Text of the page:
1 Man. Oh, this, it is that makes your lady mourna 2 Man. Oh, this. it is that makes your servants

droop. Lord. Hence comes it that your kindred shun your

house, As beaten hence by your strange. Tunacy. Oh, Noble Lord, bethink thee of thy birth, Call home thy ancient thoughts from banishment, ind banish hence these abject lowly dreams. Look how thy fervants do attend on thee, Each in his office ready at thy beck. Wilt thou have music? hark, Apollo plays; [Music: Apd twenty caged nightingales do sing, Or wilt thou sleep? we'll have thee to a couch, Softer and fweeter than the lustful bed On purpose trimm’d up for Semiramis. Say thou wilt walk, we will bestrow the ground: Or wilt thou ide? thy horses fall be trappide

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Their harness studded all with gold and pearl.
Doft thou love hawking? thou hast hawks will soat
Above the morning-lark. Or wilt thou hunt ?
Thy hounds shall make the welkin answer them,
And fetch fhrili echoes from the hollow earth.

1 Man. Say thou wilt course, thy greyhounds are as As breathed stags; ay, Aeeter than the roe. [fwift,

2 Man. Doft thou love pictures? we will fetch thee
Adonis, painted by a running brook; (straight
And Cytherea all in sedges hid;
Which seem to move, and wanton with her breath,
Ev'n as the waving sedges play with wind.

Lord. We'll thew thee Lo, as she was a maid,
And how she was beguiled and surpris'd,
As lively painted as the deed was done.

3 Man. Or Daphne roaming through a thorny wood,
Scratching her legs, that one shall swear the bleeds. :
And at that fight shall fad Apollo weep:
So workmanly the blood and tears are drawn.

Lord. Thou art a Lord, and nothing but a Lord : Thou hast a Lady far more beautiful Than any woman in this waining age.

i Man. And till the tears that she hath shed for thee,
Like envious foods, o'er-ran her lovely face,
She was the faireft creature in the world,
And yet she is inferior to none.

Sly. Am l'a Lord, and have I fuch a Lady?
Or do I dream? or have I dream'd till now ?
I do not sleep; I see, I hear, I fpeak;
I smell sweet favours, and I feel soft things.
Upon my life, I am a Lord indeed ;
And not a tinker, nor Christophero Sly.
Well, bring our Lady hither to our sight,
And once again a pot o'th' fmalleft ale.

2 Man. Wilt please your Mightiness to wash your
Oh, how we joy to see your wits reftor'd! [hands?
Oh, that once more you knew but what you are !
These fifteen years you have been in a dream,
Or, when you wak’d, fo wak'd as if you slept.

Sly. These fifteen years ! by my fay, a goodly nap But did I never speak of all that time?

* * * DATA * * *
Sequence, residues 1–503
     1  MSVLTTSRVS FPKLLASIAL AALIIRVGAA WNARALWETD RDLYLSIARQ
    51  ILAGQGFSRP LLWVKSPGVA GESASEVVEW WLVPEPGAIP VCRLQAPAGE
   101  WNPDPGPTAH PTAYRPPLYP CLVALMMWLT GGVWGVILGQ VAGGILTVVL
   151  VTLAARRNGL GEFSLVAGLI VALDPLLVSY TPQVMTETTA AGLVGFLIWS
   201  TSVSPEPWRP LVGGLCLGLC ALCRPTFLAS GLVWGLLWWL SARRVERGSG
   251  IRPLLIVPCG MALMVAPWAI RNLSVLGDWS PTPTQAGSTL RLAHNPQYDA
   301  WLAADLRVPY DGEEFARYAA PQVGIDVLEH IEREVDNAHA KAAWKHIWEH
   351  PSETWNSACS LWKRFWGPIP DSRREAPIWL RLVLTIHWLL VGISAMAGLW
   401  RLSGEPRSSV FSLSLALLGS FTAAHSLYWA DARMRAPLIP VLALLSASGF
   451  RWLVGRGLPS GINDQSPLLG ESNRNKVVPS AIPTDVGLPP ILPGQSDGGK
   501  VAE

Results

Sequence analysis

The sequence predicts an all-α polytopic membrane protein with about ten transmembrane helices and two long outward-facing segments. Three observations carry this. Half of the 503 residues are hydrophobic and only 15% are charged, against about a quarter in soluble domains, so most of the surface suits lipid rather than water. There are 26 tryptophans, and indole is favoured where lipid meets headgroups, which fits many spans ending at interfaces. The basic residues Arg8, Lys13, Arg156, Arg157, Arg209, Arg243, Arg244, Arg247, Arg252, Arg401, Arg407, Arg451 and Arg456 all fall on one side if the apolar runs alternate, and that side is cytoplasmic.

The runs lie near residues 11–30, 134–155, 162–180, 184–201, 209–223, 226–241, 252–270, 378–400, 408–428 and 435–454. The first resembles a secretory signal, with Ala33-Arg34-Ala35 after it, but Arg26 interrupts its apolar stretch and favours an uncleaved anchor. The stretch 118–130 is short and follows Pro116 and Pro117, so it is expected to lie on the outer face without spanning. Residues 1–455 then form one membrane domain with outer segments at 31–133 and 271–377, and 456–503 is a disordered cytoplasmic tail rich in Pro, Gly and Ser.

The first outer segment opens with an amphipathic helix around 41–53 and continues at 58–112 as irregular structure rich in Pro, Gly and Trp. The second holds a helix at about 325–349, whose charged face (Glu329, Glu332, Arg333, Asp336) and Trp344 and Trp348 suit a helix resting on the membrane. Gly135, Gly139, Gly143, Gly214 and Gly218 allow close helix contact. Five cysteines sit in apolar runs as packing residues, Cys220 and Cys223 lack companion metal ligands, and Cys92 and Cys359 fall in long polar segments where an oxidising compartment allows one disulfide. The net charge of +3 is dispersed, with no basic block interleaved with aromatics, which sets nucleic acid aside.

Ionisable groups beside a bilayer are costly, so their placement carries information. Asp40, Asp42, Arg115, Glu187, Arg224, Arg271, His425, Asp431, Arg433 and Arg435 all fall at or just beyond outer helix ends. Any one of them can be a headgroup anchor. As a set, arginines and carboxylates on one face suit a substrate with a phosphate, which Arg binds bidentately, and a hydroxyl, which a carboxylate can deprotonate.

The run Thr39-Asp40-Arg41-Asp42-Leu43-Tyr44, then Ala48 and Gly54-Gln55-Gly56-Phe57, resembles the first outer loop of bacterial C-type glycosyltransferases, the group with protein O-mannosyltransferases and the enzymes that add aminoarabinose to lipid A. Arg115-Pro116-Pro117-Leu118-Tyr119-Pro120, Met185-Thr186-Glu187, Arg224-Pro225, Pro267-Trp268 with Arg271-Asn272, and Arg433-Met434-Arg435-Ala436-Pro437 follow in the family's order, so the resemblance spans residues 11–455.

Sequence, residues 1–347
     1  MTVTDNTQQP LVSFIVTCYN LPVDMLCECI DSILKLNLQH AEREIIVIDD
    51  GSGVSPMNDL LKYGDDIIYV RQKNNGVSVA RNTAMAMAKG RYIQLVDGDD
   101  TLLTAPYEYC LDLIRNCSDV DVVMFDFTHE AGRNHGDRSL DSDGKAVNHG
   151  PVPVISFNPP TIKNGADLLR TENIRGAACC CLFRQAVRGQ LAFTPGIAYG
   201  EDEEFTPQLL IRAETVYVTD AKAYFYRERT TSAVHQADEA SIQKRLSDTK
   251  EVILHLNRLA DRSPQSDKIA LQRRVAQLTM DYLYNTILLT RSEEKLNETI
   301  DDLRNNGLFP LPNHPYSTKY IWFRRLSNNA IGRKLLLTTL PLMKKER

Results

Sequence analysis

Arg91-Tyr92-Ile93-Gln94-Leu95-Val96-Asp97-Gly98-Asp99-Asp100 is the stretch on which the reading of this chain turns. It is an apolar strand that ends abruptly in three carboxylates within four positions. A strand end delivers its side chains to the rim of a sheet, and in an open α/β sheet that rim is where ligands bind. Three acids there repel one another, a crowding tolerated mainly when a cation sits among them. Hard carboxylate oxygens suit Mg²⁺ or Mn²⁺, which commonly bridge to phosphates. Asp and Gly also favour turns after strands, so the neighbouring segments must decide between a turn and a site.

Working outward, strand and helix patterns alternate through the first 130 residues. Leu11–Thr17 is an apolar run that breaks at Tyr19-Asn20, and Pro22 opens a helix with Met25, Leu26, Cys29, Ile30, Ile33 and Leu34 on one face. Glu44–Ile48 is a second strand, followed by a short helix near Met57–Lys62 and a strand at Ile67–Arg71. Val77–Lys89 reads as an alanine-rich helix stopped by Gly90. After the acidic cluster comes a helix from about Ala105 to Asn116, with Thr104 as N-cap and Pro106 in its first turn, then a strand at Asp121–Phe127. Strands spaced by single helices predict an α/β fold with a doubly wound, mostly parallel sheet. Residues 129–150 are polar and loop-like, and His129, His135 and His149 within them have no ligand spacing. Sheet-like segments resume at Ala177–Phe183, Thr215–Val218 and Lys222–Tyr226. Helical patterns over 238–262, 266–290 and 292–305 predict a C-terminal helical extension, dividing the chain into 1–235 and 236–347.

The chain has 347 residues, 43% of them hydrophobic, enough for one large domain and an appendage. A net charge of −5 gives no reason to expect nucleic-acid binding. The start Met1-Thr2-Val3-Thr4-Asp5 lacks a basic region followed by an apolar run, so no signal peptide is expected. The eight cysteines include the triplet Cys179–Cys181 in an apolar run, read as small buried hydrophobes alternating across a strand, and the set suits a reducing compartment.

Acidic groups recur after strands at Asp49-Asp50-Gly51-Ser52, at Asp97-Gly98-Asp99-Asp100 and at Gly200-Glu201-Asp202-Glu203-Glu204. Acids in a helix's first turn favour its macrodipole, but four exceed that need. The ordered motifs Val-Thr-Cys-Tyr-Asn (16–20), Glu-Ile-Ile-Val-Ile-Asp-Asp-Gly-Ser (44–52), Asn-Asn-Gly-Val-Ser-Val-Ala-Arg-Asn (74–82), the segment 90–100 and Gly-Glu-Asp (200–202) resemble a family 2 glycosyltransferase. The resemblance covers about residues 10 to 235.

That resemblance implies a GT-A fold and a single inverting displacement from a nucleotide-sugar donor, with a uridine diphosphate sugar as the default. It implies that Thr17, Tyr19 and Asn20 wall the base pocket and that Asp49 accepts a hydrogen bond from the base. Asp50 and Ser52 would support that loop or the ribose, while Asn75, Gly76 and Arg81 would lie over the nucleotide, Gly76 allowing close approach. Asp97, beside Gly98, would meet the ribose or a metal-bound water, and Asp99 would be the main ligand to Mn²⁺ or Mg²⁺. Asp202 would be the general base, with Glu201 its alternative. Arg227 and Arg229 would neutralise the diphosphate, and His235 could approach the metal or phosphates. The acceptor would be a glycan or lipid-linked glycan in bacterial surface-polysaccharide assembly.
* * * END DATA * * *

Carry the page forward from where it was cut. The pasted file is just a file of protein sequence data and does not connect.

1 Man. Oh, yes, my Lord, but very idle, words.

Sly. Sin

For though you lay here in this goodly chamber,
Yet would you say, you were beaten out of door,
And raild upon the hostess of the house;
And say, you would present her at the leet,
Because she bought stone-jugs, and no seald quarts.
Sometimes you would call out for Cicely Hacket.

Sly. Ay, the woman's maid of the houfe.

3 Man. Why, Sir, you know no house, nor no suche Nor no such men, as you have reckon'd

up; [maid,
As Stephen Sly, and old John Naps of Greece,
And Peter Turf, and Henry Pimpernell,
And twenty more such names and men as thefe,
Which never were, nor no man ever saw.

Sly. Now Lord be thanked for my good amends !
All. Ameni-

Sly. By th? mass, I think I am a Lord indeed.
What is thy name?
Man. Sim, an't please your Honour.

that's as much as to say Simeon or Simon;; put forth thy hand and fill the pot.

[The servant gives him drink. SCENE V. Enter Lady, with attendants.. I thank thee

; thou siialt not lose by it.. Lady. How fares my Noble Lord!

Sly. Marry, I fare well; for here is cheer enough. Where's

my

wife ? Lady. Here,. Noble Lord, what is thy will with her?

Sly. Are you my wife, and will not call me husband? My men should call me Lord, I am your good-man.

Lady. My husband and my lord, my lord and hur Lam your wife in all obedience.

[band ;; Sly. I know it well. what muft I call her. Lord. Madam. Sly, Ice Madam, .or Joan Madam? Lord. Madam, and nothing else; fo Lords call Ladies; .

Sly. Come, sit down on my knee. Sim, drink to her.. Madam wife, they fay that I have dream'd, and flepte above fome fifteen years and more.

Lady. 'Ay, and the time seems thirty unto me,
Being all this time abandon'd from.

your
'Tis muchi. Servants, leave me and her. alope

bed.,